Off-campus UMass Amherst users: To download campus access dissertations, please use the following link to log into our proxy server with your UMass Amherst user name and password.

Non-UMass Amherst users: Please talk to your librarian about requesting this dissertation through interlibrary loan.

Dissertations that have an embargo placed on them will not be available to anyone until the embargo expires.



Access Type

Open Access Thesis

Document Type


Degree Program

Public Health

Degree Type

Master of Science (M.S.)

Year Degree Awarded


Month Degree Awarded



Dengue fever affects over 390 million people annually worldwide and is of particu- lar concern in Southeast Asia where it is one of the leading causes of hospitalization. Modeling trends in dengue occurrence can provide valuable information to Public Health officials, however many challenges arise depending on the data available. In Thailand, reporting of dengue cases is often delayed by more than 6 weeks, and a small fraction of cases may not be reported until over 11 months after they occurred. This study shows that incorporating data on Google Search trends can improve dis- ease predictions in settings with severely underreported data. We compare penalized regression approaches to seasonal baseline models and illustrate that incorporation of search data can improve prediction error. This builds on previous research show- ing that search data and recent surveillance data together can be used to create accurate forecasts for diseases such as influenza and dengue fever. This work shows that even in settings where timely surveillance data is not available, using search data in real-time can produce more accurate short-term forecasts than a seasonal baseline prediction. However, forecast accuracy degrades the further into the future the forecasts go. The relative accuracy of these forecasts compared to a seasonal average forecast varies depending on location. Overall, these data and models can improve short-term public health situational awareness and should be incorporated into larger real-time forecasting efforts.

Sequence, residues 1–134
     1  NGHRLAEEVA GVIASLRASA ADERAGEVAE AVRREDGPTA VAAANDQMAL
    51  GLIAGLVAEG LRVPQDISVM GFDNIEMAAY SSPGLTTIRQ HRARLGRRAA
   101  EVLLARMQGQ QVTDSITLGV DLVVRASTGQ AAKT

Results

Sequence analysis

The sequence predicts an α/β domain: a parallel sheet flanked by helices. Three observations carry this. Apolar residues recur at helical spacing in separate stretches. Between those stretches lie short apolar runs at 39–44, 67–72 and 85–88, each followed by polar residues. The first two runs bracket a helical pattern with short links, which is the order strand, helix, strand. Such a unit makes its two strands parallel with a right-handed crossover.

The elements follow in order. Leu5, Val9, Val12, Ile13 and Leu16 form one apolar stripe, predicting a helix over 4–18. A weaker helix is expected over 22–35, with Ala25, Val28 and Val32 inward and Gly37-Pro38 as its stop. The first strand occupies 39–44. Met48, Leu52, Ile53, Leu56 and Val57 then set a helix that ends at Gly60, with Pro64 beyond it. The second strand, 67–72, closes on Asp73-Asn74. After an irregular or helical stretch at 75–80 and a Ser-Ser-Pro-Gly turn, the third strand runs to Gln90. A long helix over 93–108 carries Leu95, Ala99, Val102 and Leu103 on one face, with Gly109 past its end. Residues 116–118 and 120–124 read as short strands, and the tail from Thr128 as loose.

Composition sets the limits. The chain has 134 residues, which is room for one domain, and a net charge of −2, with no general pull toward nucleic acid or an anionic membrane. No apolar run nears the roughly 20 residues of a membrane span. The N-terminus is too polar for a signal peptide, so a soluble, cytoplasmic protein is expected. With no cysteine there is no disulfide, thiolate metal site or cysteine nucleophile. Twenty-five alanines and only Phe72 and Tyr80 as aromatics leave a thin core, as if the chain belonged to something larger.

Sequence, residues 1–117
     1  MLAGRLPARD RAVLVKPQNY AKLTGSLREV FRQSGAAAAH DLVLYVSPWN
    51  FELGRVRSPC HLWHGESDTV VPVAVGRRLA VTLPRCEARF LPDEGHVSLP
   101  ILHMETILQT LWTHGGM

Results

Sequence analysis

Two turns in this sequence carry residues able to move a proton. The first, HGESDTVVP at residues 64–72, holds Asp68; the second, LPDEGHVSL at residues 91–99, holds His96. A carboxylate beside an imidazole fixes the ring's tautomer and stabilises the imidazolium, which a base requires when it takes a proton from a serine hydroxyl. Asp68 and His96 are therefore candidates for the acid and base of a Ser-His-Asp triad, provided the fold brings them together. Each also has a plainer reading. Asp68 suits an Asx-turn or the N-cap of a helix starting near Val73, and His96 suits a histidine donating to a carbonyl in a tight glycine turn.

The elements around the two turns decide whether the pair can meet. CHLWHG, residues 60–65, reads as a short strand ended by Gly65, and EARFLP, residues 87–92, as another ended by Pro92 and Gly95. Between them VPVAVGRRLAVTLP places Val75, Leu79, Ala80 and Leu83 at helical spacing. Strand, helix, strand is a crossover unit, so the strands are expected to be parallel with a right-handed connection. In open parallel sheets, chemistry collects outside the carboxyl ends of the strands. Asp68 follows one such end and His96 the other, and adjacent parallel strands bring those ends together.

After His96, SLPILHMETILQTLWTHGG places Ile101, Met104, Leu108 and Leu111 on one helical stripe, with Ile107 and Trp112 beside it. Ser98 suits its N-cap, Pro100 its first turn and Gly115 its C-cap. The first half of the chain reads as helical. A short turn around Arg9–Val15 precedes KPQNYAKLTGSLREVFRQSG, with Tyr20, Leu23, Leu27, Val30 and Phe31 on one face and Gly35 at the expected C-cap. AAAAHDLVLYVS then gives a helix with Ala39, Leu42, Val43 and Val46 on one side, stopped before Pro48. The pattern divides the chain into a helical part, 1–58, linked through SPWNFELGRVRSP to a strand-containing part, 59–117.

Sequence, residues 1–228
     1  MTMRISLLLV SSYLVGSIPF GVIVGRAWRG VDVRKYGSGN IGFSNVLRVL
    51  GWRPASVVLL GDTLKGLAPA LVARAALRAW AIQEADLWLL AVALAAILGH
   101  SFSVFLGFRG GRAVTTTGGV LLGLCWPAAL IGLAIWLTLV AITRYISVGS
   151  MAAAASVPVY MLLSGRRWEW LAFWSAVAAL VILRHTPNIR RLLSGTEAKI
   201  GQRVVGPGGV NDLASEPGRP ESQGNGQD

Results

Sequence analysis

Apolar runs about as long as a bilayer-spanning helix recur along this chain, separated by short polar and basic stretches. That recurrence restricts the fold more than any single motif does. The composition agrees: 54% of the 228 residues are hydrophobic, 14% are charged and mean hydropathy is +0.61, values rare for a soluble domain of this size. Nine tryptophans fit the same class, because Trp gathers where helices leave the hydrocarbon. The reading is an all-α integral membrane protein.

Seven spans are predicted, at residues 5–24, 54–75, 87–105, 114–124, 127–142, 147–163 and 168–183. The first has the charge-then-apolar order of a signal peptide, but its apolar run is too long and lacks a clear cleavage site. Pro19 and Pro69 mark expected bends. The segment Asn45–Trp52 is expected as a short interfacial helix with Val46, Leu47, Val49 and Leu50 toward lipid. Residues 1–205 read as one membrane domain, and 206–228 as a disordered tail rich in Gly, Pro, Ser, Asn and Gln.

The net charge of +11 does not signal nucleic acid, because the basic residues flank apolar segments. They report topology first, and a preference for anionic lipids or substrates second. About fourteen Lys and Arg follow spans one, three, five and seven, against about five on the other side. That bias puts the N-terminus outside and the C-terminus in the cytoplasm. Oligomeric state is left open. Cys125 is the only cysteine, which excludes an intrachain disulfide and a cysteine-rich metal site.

First Advisor

Nicholas Reich

Second Advisor

Laura Balzer

Third Advisor

Jing Qian